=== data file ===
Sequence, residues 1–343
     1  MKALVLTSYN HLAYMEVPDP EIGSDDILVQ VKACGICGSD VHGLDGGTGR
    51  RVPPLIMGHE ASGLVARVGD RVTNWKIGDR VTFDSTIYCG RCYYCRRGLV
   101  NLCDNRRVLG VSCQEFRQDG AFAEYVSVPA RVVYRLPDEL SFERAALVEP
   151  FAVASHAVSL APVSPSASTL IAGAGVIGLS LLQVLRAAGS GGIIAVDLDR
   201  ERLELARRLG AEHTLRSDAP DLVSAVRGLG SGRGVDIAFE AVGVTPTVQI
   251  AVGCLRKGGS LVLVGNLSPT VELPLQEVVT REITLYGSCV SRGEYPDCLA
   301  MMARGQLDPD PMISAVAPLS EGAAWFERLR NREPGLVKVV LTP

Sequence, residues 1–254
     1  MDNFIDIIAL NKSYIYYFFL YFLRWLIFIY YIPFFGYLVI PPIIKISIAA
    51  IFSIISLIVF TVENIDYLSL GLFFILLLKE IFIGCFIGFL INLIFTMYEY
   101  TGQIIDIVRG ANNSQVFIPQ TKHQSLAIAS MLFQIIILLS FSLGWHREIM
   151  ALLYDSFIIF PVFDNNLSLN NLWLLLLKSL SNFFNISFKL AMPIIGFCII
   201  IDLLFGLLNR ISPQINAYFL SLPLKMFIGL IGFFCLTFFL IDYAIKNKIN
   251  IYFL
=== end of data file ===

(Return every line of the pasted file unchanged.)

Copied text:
Sequence, residues 1–343
     1  MKALVLTSYN HLAYMEVPDP EIGSDDILVQ VKACGICGSD VHGLDGGTGR
    51  RVPPLIMGHE ASGLVARVGD RVTNWKIGDR VTFDSTIYCG RCYYCRRGLV
   101  NLCDNRRVLG VSCQEFRQDG AFAEYVSVPA RVVYRLPDEL SFERAALVEP
   151  FAVASHAVSL APVSPSASTL IAGAGVIGLS LLQVLRAAGS GGIIAVDLDR
   201  ERLELARRLG AEHTLRSDAP DLVSAVRGLG SGRGVDIAFE AVGVTPTVQI
   251  AVGCLRKGGS LVLVGNLSPT VELPLQEVVT REITLYGSCV SRGEYPDCLA
   301  MMARGQLDPD PMISAVAPLS EGAAWFERLR NREPGLVKVV LTP

Sequence, residues 1–254
     1  MDNFIDIIAL NKSYIYYFFL YFLRWLIFIY YIPFFGYLVI PPIIKISIAA
    51  IFSIISLIVF TVENIDYLSL GLFFILLLKE IFIGCFIGFL INLIFTMYEY
   101  TGQIIDIVRG ANNSQVFIPQ TKHQSLAIAS MLFQIIILLS FSLGWHREIM
   151  ALLYDSFIIF PVFDNNLSLN NLWLLLLKSL SNFFNISFKL AMPIIGFCII
   201  IDLLFGLLNR ISPQINAYFL SLPLKMFIGL IGFFCLTFFL IDYAIKNKIN
   251  IYFL